Next up is transitioning to either a remote location or an Aldrich classroom for a 30-minute sample class. My badge has a green stripe at the bottom, so I’m assigned to the Stamps Reading Room for remote participation in an in-person instructor course, Creating a Safe Campus Culture. I enter Stamps, find a seat at a table (all clearly marked with “available seat”) and set up my laptop and headphones. I’ve received calendar invites for each of the classes, so that I have both a timing reminder and an additional Zoom link—I find this very helpful as the day is so tightly timed. The class features Mary Corrigan from Harvard Environmental Health and Safety, talking about Harvard’s safety compliance models, with Carsten Tam, CEO of a consulting firm focused on behavioral science, joining in virtually. It’s fascinating to experience a class remotely—it’s similar to a Zoom meeting, but with many more people, options, and features to pay attention to. There are a few moments of technology and terminology challenges, but the Online Learning Facilitator chimes in with tips and the speakers are engaging. We answer a few questions via chat, several participants are called upon, and the 20-minute simulation is over before we know it.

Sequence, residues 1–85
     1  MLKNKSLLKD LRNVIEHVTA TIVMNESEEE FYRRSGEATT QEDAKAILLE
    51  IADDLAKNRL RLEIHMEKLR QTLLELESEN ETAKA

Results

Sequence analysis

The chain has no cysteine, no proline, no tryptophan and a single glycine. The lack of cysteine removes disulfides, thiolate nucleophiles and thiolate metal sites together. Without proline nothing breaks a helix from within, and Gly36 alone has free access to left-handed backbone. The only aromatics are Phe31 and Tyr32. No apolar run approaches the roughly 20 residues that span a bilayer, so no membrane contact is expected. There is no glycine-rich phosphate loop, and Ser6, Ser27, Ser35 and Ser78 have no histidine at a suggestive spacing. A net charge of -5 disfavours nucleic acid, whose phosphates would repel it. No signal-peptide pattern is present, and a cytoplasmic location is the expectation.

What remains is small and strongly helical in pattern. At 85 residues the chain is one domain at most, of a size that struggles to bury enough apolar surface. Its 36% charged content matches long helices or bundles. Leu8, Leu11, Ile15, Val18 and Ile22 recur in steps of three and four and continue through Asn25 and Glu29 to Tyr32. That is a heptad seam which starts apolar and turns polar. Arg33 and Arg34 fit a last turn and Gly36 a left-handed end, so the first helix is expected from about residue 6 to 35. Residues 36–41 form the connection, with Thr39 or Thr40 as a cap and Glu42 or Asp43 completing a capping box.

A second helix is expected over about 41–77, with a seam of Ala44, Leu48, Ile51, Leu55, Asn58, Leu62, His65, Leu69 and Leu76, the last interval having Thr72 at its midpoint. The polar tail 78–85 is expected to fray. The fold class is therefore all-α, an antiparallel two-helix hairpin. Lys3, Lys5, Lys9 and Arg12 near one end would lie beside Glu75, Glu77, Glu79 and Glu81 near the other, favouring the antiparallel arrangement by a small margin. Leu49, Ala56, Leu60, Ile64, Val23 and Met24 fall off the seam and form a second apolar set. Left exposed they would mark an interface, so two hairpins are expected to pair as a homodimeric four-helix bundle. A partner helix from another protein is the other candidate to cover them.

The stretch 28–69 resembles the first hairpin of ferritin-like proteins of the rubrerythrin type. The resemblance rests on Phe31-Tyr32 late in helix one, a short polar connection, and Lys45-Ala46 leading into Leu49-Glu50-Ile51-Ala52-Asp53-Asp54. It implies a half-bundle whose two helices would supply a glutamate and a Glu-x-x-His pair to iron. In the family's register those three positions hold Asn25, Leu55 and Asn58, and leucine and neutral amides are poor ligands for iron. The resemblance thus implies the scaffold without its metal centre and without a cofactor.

New signage in classroom buildings
Photo: Hensley Carrasco

It’s break time next, while classrooms are thoroughly cleaned in between sessions. Each color ID badge is assigned a task: visit a basement restroom in Aldrich, ask a question at Spangler 107, or ask a question at the MBA service counter on the second floor of Spangler. I go back to Spangler for the task asked of everyone: get a snack. Being back at the cafeteria feels a bit more familiar, and I order a coffee and grab a homemade granola bar. Several of my colleagues try the Thrive app, ordering online and picking up their lunch at the Spangler Grille.